Kids and adults alike, every one of us thinks differently. Some people can think abstractly and conceptually, some think visually. Many people can understand easily and retain the information well by reading text and some need visual aids to help retaining information.
There is an article circulating around on Facebook about how Steve Jobs was a low-tech parent. It talked about how Steve Jobs limited how much technology gadgets his kids use at home. The idea is not foreign to me and with so many people who cannot put their gadgets and smartphones down (I believe the “official” term is phubbers”), I am not surprised a lot of people, especially parents, who would opt to limit or even to eliminate gadget use.
But, here is the catch, with advanced technology today, it also comes different forms of learning. Without these gadgets, learning computer programming would not be possible. My son loves to listen to audio books when he is in transit going places (even though he also loves reading actual books, I do not let him to do so since it is not good for his eyes), and having “Harry Potter” on his phone works great! Since we are a home school family, we use “Khan Academy” for Math learning and DuoLingo for Spanish review instead of buying textbooks (for expats, you would understand how hard it is to get American textbooks to other countries, not to mention the costly textbooks as well as the shipping cost). Moreover, since my husband and I both are computer science graduates, my son and daughter get to learn computer programming using Scratch and Lego Mindstorm. Also, they use their phone as his alarms for various activities that he needs to get to. In our spare time, besides many outdoor activities, we share funny posts and videos online with each other. You see, technology and gadgets are embedded in our families’ lives and as a family, we thoroughly enjoy it.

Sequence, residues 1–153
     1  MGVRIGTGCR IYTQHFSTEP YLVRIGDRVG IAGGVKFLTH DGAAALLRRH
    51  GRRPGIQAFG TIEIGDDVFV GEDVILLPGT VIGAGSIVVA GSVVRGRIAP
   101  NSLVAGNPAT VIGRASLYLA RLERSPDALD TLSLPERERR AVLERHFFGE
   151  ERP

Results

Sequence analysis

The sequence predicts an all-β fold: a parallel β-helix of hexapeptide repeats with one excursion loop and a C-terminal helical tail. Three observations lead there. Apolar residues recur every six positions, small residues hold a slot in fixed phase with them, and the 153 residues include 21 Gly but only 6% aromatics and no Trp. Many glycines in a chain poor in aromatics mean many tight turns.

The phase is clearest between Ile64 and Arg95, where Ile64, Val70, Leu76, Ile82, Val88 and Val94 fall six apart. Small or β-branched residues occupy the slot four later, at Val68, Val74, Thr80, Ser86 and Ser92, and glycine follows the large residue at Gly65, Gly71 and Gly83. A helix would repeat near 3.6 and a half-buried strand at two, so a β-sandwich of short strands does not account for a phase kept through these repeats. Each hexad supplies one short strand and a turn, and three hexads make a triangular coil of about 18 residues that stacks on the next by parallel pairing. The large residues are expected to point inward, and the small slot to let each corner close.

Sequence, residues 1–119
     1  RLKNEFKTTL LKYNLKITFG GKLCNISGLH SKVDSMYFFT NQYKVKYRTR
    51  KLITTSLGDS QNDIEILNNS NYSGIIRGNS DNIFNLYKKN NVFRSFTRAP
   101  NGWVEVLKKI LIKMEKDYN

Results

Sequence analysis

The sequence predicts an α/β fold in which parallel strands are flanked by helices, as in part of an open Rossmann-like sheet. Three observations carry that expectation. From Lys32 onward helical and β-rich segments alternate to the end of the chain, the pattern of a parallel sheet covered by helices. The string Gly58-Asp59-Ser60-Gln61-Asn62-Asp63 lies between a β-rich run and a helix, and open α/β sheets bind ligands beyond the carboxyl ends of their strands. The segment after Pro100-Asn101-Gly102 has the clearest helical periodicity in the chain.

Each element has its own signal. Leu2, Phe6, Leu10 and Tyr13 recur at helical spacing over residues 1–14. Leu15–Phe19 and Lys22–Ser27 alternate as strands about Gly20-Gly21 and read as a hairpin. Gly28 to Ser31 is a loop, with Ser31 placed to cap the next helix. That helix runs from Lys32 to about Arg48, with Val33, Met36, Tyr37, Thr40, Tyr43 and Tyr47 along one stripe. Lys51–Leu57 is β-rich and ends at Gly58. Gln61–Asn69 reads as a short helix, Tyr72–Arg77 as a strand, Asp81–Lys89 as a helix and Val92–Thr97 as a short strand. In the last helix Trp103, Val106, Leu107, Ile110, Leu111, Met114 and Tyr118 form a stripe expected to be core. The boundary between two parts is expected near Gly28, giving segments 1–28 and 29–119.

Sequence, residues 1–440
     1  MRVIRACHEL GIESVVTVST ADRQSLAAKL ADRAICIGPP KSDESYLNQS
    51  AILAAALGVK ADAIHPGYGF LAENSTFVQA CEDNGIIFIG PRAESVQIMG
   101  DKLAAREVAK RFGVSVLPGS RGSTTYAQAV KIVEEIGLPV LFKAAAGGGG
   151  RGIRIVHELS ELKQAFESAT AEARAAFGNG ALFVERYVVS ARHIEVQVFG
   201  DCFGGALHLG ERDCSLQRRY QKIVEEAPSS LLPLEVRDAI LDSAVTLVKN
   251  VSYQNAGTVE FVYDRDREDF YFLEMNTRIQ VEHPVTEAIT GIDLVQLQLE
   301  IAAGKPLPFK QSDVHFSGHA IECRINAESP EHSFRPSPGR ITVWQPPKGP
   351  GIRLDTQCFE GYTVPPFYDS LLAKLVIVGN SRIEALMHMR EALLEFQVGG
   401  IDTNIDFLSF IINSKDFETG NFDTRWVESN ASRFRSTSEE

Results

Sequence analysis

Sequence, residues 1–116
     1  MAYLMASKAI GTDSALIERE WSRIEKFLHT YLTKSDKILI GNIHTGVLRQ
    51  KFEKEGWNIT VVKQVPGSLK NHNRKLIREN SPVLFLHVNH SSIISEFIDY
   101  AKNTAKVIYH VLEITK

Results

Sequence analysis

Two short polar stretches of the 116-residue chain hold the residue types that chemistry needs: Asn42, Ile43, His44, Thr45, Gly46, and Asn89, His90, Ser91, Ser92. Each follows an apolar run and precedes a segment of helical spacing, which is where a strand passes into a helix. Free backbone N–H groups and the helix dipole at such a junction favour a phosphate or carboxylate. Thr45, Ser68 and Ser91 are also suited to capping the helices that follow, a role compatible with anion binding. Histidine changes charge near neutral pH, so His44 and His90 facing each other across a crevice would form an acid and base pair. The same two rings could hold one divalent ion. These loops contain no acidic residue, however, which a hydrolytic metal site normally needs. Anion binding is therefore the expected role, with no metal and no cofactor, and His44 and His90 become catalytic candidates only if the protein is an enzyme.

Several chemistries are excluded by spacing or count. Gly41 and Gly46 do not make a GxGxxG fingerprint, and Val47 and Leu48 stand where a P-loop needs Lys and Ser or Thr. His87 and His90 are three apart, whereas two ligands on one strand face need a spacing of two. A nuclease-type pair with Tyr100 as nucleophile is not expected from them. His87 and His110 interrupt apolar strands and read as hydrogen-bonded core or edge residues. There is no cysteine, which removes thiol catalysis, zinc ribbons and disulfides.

If there is one thing I have learned about parenting, it’s the more you tell your kids no, the more they want to do it and more likely they will go to the extreme. Why not give them the flexibility and freedom and show them when and how they can use the gadgets and devices the correct way? But, on the other hand, technology is not the answer to all learning either. When technology is not used properly, it can have harmful and adverse effects on children, ie., eye sight problems, un-filtered online content, and other health issues. Besides these health effects, I also believe that kids should not just learn from one media. They should learn from multiple sources; go out and enjoy physical activities and nature; travel and see things books talk about or they read about on internet. When the learning motivation is coming from within, kids can learn anything and anywhere.
I strongly believe technology is just a tool to aid and reinforce learning, to peak curiosity, and to spark creativity. There should not be a right or wrong answer to using technology and gadgets. The more prudent question is how you use it and how children are exposed to them. Every kid learns differently. And I would argue that what works in my family may not work for everyone. Every parent and teacher should find what “sticks” with every child. Every kid learns differently and only with differentiated instruction and individualized learning program can really help kids learn.
As an educator and a mother, I have learned from my students and my children that learning cannot be force fed. They must take it willingly.